Is the economy rebalancing as proposed?
It is coming up to 4 years since Osborne decided the UK economy needed to be rebalanced. By ‘rebalancing’, he proposed a self-sustainable and largely export led economy. An economy that no longer relied on the financial services of the City, which appears to benefit suited men who know better how to ruin an economy better than those on Downing Street know how to fix one. Moreover Osborne pleaded for an economy with a higher propensity to save as opposed to one which will pay the price for further unsustainable private and public debt. Four years on, there seems to be a lack of policy aimed towards accomplishing a rebalanced economy.
When the economic recovery began in 2009 the conditions seemed to be in place for a manufacturing exports-led resurgence. The pound depreciated significantly during the financial crisis, providing UK manufacturers with a competitive edge. And with domestic spending still slow, it wouldn’t have been surprising for UK firms to look to overseas sales for growth. Manufactured goods are the dominant element in international trade – accounting for 75% of all UK exports. However as expected it is the services industries which have driven the UK recovery. Service output has now passed its pre-crisis peak, whereas manufacturing production is languishing nearly 10% down on its early 2008 level.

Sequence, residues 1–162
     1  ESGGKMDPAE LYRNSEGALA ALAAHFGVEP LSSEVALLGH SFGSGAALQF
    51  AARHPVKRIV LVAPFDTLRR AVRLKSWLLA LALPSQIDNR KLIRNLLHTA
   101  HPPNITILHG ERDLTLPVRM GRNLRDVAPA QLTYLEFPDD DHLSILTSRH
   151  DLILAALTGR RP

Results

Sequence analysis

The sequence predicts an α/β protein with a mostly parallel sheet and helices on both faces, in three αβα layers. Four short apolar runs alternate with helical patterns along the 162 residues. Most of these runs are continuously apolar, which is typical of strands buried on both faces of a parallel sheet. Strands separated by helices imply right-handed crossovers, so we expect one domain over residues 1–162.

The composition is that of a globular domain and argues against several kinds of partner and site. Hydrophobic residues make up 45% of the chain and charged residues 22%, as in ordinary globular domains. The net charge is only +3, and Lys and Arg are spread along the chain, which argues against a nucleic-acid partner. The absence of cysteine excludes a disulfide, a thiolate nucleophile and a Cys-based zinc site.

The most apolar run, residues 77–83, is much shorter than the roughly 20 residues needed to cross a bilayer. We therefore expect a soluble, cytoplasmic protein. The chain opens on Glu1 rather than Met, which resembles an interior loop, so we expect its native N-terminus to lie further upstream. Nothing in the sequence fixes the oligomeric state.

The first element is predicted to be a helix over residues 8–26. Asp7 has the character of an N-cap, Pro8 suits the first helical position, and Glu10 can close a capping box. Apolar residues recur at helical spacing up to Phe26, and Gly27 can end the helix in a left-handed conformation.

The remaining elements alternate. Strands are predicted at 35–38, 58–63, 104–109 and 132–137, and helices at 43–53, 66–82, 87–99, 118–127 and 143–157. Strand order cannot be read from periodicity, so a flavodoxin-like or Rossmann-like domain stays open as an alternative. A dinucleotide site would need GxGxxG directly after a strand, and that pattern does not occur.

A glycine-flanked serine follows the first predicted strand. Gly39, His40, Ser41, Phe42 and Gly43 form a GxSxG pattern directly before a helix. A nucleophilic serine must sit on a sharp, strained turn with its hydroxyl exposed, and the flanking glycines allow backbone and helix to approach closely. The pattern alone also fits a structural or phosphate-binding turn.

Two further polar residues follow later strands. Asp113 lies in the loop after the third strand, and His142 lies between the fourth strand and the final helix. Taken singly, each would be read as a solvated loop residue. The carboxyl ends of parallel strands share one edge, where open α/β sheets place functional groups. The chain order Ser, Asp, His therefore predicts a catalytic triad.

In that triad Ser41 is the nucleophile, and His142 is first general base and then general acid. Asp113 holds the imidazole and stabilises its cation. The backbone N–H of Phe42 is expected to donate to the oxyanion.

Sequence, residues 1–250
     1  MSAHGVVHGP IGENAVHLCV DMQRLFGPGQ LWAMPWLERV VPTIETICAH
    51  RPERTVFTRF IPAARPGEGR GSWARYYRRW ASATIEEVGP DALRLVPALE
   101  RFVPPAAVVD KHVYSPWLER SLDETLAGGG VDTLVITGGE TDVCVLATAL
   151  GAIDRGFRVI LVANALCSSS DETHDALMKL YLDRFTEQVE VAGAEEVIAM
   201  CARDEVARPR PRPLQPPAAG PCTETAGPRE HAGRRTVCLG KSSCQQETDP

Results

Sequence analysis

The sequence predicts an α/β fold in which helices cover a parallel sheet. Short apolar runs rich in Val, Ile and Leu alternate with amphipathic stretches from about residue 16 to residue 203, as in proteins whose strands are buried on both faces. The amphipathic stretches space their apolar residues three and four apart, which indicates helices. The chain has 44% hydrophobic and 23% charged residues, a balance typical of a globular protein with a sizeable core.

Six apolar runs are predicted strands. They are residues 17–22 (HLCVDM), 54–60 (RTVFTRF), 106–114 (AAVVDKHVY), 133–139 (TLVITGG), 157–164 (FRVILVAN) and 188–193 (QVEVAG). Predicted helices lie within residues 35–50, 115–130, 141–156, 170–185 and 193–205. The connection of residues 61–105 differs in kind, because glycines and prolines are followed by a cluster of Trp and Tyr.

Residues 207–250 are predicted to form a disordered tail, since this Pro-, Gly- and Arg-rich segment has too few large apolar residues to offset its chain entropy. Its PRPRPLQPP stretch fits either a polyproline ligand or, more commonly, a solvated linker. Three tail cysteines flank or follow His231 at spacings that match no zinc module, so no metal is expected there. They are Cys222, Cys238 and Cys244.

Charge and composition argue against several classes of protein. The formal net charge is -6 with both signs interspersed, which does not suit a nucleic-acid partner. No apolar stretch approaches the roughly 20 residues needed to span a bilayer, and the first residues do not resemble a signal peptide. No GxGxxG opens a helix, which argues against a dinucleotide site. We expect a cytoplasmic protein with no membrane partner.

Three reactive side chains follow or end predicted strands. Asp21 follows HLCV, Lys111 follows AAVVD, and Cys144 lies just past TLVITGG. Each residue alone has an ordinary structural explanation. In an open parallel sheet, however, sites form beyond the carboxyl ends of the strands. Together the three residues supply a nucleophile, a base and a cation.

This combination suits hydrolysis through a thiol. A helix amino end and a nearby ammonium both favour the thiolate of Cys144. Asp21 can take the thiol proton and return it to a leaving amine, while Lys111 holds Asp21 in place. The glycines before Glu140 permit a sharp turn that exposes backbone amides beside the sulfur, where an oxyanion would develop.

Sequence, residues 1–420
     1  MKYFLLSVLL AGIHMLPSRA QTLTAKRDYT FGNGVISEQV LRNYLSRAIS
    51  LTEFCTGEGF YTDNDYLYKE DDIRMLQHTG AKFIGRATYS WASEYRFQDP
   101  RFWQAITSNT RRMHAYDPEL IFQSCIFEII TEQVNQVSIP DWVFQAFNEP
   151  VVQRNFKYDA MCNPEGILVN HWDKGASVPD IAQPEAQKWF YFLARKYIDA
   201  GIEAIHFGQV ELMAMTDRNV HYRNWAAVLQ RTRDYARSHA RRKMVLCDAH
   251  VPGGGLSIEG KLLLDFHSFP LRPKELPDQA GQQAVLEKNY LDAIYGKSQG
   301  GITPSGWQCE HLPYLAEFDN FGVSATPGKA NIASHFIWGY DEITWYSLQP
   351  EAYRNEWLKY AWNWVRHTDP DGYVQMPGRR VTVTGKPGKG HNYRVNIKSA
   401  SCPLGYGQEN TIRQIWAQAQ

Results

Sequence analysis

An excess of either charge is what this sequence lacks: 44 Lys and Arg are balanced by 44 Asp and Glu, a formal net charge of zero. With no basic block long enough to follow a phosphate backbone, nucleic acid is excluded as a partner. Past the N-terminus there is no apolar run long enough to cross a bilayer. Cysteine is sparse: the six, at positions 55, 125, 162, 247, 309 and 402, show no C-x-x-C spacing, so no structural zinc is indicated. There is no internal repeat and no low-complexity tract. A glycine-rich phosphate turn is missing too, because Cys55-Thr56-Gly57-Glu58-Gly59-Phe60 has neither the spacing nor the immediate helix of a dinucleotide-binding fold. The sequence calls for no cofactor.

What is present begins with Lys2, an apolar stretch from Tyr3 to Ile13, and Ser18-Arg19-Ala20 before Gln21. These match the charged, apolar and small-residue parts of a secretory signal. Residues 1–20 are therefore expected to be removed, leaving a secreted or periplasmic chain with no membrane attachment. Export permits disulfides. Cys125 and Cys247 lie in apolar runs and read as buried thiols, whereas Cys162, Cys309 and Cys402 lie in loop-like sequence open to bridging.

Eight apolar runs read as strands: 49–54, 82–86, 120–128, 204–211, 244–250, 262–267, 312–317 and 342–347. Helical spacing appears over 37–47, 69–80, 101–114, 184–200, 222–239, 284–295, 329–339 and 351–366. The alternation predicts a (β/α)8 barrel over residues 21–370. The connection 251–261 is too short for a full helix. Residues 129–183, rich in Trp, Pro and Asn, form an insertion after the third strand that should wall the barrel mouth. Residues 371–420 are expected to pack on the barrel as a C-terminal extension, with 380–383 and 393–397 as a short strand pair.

Moreover, whilst the UK has many successful manufacturing firms, our strengths are concentrated in a small number of sectors – aerospace, pharmaceuticals, high-value engineering and car production. Britain does not have the broad manufacturing base which has allowed Germany to be so successful in expanding its exports to Asia and other high growth emerging market economies. However economists at Citi reckon the UK’s exports have risen by 182%, in cash terms, in the last 10 years – five times faster than the UK’s exports to advanced economies. Within that, exports to China have risen six-fold since 2002, and exports to India are nearly five times higher. Goods exports to emerging markets now account for nearly a third of our goods exports, up from 17% in 2002. However with the emerging market economies slowing down, our hopes of rebalancing further may be even more dependent on the Eurozone’s recovery than they were before.
Over the recovery, the private sector has created 1.5 million jobs – predominantly in services – greatly offsetting the reduction of about 500,000 in public sector employment. This ideological approach to rebalancing has been working, although it has been isolating those in the public sector greatly whose lack of skills and the lack of private sector employment in regions such as the North East mean they have added to the inconsistent shift from public to private sector growth.
The UK economy is rebalancing – but not as we expected. Rebalancing is happening within the services industries rather than in favour of the manufacturing industry. As long as this is accompanied by export success and rising employment, as it has been so far, we should welcome and support Britain’s services-led recovery.